The COVID-19 pandemic has challenged some of our fundamental assumptions about commercial real estate. Now that offices are public health hazards and remote work is proving (for some) to be so productive, companies face significant pressure about how to use their workplaces, not to mention how much use those spaces will actually receive. And with home delivery facilitating so many of our shopping needs, will brick-and-mortar retail ever return to relevance?
Preparing for the coronavirus’s impact on real estate requires front-end decision makers to not only understand what their financial obligations might be for their real estate, but also what rights they might have that could enable them to void or restructure a commercial office lease. The challenge will be getting that data from back-office teams where it’s often stuck in a data silo.
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With the right real estate tech, however, leaders can unlock that data before they start making hard decisions about commercial properties. Pinterest did this when it decided to abandon plans to lease almost half a million square feet of office space in San Francisco. The decision cost the tech company nearly $90 million in termination fees — a huge sum, to be sure, but one that’s presumably smaller than what Pinterest would’ve paid to lease the wrong space.
The Challenge of Commercial Lease Management
Like Pinterest, many companies will need to make complicated decisions about their corporate lease management to weather this pandemic’s impact on real estate. And with so much up in the air, the right steps look less obvious than ever.
Companies must make difficult choices about remote work:
- How viable is it long term?
- How do we blend on-site and remote work?
- What if things change suddenly again?
They also need to rethink their existing office space:
- How do we ensure social distancing?
- Do we need more or less space?
- Do new work environments hurt collaboration and productivity?
On top of all that, companies also need to question commercial lease agreements themselves:
- Can we restructure the agreements?
- Are lower rents possible?
- Is it a smart time to take more or less space?
A recent survey from Gensler showed that only 12% of workers want to be fully remote, while 70% want to spend the majority of the week in the office. This suggests that we won’t go 100% remote — but we won’t return to the office of the past, either. A “new normal” appears inevitable, and everyone will need to adapt.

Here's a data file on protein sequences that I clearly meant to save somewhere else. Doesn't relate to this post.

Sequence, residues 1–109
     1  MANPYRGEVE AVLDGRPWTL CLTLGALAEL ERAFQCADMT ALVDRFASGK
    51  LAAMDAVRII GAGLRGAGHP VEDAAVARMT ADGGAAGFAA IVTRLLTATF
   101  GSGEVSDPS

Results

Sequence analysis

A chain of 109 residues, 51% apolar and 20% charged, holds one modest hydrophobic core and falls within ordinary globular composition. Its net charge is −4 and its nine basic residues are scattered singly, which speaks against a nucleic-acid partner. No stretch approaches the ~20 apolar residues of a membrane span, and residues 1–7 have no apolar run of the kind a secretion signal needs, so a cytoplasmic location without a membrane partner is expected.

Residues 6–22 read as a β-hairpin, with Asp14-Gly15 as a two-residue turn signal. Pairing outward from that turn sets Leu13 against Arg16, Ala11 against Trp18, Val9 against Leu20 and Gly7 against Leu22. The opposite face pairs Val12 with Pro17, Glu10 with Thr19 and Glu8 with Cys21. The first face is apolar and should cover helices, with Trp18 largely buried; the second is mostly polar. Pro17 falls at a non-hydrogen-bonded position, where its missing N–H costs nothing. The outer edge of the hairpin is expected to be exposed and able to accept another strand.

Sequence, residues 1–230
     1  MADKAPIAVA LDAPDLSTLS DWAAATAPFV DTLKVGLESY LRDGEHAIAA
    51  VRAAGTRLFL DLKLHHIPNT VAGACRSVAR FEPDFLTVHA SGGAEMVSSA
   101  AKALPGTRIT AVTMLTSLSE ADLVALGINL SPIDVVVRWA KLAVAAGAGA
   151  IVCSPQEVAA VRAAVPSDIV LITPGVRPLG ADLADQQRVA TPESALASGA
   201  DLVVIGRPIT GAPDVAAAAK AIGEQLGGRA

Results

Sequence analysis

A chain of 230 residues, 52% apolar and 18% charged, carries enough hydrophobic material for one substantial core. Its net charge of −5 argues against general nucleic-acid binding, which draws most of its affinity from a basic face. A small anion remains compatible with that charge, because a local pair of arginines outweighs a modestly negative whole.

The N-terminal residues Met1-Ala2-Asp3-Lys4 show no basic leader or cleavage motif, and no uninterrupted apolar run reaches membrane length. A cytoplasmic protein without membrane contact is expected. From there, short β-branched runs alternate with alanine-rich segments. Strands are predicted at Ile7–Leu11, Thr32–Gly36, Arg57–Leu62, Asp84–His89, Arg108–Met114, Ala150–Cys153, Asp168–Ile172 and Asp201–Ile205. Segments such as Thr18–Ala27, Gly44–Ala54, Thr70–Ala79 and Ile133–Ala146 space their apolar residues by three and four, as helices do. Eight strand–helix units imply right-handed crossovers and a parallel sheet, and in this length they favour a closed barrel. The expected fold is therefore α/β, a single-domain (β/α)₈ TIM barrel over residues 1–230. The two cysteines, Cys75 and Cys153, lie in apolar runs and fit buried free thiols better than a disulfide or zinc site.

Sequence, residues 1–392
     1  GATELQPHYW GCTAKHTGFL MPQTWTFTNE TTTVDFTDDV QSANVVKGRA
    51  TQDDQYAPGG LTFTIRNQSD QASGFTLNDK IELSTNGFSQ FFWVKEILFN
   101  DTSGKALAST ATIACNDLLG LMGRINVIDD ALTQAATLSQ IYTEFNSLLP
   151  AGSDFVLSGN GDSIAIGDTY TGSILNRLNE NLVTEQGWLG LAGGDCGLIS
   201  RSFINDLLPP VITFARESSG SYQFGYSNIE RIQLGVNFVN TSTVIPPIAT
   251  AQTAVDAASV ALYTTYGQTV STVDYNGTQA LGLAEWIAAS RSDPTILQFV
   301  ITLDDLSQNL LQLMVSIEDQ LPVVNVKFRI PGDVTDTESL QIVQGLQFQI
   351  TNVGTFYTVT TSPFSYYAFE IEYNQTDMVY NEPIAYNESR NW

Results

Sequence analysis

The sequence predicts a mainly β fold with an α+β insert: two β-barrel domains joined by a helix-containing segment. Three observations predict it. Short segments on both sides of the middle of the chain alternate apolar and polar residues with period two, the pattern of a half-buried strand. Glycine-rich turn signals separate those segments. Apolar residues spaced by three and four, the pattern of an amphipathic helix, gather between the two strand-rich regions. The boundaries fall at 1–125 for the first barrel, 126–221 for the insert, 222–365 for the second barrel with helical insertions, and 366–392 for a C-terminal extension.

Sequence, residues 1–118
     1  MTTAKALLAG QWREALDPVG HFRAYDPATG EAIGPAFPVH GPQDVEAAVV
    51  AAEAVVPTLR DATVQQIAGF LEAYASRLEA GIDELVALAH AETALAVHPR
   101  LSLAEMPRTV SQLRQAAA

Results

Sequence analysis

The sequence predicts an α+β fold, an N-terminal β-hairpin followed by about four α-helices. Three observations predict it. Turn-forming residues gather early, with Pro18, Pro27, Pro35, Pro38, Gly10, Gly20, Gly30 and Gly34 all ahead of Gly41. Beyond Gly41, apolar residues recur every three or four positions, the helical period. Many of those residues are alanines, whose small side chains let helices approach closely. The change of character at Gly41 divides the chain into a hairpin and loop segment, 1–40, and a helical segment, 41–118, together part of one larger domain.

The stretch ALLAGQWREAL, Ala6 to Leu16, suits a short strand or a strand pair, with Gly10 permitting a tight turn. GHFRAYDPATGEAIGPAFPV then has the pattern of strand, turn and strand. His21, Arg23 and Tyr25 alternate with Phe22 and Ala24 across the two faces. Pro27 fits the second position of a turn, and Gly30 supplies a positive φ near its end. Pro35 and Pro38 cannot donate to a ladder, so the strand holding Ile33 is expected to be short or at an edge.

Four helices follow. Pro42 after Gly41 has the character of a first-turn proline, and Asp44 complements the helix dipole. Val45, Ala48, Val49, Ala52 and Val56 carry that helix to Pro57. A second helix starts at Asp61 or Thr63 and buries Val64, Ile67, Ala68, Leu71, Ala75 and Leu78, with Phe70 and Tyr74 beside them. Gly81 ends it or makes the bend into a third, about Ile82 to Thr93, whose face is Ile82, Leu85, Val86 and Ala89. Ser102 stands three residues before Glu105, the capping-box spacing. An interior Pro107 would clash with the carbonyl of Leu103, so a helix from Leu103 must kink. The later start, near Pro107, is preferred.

That may not mean moving spaces or doing anything significantly different. But it will mean questioning everything about the current approach to corporate lease management — perhaps with the aid of the right proptech platform (or other emerging technologies in the real estate sphere).
Disruptive Real Estate Tech for Disruptive Times
The pandemic puts extra pressure on how companies utilize commercial real estate, but the situation wasn’t perfect before the pandemic, either. In 2018, well before COVID-19 had entered anyone’s mind, 77% of companies surveyed named space data accuracy as a primary goal for their real estate team. This isn’t surprising, considering that, globally, only 13% of organizations occupied their office space more than 80% of the time and 37% of workplaces were empty on any given day.
This data proves that finding the optimal use of commercial real estate has never been easy — the pandemic just adds another layer (or five) of complexity. That’s why proptech in all its forms will be essential. The real estate industry has historically been slow to embrace technology. At this tipping-point moment, though, there’s no way forward that doesn’t put proptech and real estate tech at the forefront of the industry.
With the right software in place, companies become proactive and prescriptive in normal times and adaptive in abnormal times. When the right people have access to the right data, along with the ability to communicate and collaborate around decision-making, real estate can promote growth. But without a proptech platform to enable those capabilities, questionable commercial leases and poor use of space can hinder growth.
This is the moment when corporate lease management finally goes digital. Will your company be an early adopter — one that uses real estate tech to come out of the pandemic stronger — or will you wait and see what happens?
About the Author
Andrew Flint is a co-founder at Occupier, a transaction and portfolio management software helping commercial tenants and brokers manage their real estate footprint. Occupier’s software helps teams make smarter, more informed lease decisions by centralizing the way they work; in turn, teams ensure alignment between their real estate decisions and business successes. Andrew has a wide breadth of experience in the sales and commercial real estate spheres and is currently based in New York City.